So why is urea important? Urea is important because labs across the country are beginning to test for urea during the screening process. If the presence of urea is not detected in the urine sample, the end result will be returned as non-human.

Why is it Essential that Fake Pee Contains Uric Acid or Urea Acid?

 

Urea vs Uric Acid

Above we have talked about urea and uric acid, how they differ, and how they are both chemical compounds found in normal human urine. Why is this important when you are looking for a synthetic urine product?

Every screening may not look for uric acid, but the ammonia smell from urea needs to be there. If the technicians decide to look a little further at your sample, for one reason or another, you want it to match up with clean human urine as well as it possibly can.

What’s New in the Testing Industry?

beaker of fake urine held by a lab tech

You might often try to answer this question for your when researching synthetic urine such as the new Quick Fix 6.2 formula, even searching Google for urea Quick Fix 6.2 reviews can be confusing at times.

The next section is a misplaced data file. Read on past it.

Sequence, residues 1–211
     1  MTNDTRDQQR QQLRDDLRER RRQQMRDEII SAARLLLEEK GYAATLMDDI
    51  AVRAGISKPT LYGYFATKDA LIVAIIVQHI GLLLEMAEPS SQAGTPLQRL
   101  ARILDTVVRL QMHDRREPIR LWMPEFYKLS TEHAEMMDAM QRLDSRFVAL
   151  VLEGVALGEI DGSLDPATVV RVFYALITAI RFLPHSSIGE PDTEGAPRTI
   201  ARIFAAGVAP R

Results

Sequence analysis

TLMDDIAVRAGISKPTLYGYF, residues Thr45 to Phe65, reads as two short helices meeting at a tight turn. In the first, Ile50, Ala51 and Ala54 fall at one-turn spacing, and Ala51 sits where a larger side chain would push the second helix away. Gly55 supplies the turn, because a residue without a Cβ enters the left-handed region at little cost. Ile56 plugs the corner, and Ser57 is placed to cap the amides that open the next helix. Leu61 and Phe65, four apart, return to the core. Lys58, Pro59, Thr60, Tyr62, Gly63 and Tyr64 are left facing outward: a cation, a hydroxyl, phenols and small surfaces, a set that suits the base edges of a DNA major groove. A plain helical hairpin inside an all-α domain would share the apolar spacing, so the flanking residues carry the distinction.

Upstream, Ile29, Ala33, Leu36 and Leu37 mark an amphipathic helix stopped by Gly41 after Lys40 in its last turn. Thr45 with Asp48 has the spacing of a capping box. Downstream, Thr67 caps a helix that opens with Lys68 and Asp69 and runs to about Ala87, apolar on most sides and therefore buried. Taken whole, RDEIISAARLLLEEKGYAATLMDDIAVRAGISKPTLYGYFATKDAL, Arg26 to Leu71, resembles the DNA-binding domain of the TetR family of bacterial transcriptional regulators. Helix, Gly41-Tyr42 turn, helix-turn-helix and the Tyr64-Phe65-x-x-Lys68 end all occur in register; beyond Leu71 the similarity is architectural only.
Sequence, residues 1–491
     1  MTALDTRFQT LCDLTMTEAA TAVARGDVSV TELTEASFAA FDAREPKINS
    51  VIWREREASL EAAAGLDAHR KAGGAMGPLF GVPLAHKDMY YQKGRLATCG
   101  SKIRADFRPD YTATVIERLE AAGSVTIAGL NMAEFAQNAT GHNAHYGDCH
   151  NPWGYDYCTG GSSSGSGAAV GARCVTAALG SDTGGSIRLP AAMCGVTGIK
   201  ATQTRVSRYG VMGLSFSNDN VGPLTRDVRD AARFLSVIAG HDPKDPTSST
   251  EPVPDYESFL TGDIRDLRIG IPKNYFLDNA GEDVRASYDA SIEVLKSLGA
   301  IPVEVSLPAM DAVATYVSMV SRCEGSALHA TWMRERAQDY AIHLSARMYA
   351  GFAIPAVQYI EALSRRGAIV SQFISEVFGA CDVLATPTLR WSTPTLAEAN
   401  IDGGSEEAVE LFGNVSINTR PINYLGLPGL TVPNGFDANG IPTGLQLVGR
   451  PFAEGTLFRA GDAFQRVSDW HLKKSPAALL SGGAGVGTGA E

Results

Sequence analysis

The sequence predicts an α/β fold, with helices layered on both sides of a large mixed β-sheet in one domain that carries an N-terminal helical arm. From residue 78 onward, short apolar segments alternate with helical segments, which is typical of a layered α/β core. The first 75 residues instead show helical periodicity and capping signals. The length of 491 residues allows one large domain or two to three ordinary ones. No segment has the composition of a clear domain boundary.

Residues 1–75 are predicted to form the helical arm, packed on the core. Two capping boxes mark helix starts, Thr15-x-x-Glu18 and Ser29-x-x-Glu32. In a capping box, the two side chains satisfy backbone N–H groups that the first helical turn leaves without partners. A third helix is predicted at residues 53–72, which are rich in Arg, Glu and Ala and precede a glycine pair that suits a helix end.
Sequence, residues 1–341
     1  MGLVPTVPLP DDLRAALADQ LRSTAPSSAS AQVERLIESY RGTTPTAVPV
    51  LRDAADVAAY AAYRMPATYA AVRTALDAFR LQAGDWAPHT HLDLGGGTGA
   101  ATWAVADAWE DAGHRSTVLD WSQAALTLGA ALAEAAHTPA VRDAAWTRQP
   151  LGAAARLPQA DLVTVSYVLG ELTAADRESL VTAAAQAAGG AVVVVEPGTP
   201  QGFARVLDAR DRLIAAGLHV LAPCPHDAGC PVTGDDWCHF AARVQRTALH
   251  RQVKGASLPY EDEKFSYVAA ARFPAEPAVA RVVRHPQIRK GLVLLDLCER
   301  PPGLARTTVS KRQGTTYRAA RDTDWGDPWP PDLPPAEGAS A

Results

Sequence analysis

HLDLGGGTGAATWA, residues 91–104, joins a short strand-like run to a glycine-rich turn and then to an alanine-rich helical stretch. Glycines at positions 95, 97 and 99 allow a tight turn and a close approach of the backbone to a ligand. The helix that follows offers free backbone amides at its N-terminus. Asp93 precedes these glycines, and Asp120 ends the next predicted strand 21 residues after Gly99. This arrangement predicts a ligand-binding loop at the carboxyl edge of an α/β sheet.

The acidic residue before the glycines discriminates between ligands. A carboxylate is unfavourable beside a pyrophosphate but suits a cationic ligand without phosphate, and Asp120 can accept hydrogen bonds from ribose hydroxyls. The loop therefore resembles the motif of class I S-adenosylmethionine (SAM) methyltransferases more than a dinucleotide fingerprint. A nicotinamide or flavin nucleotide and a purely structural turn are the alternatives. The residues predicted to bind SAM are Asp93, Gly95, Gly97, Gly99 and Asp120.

The number one question is can synthetic urine be detected.

The answer is that many labs have started to test for urea. Urea and uric acid are often interchanged, but they are not the same thing. Do not be fooled by other brands of synthetic urine that claim they include uric acid and urea.

Does Spectrum Labs Quick Fix Urine Contain Urea and Uric Acids?

Can labs dectect synthetic urine

Spectrum Labs patented formula 6.1 and newer version 6.2 in both the two-ounce and three-ounce versions both contain pre-mixed urea and uric acid as stated above. For over ten years people have relied on this one of a kind formula when everything is on the line.

FAQ’s

Is uric acid less toxic than urea?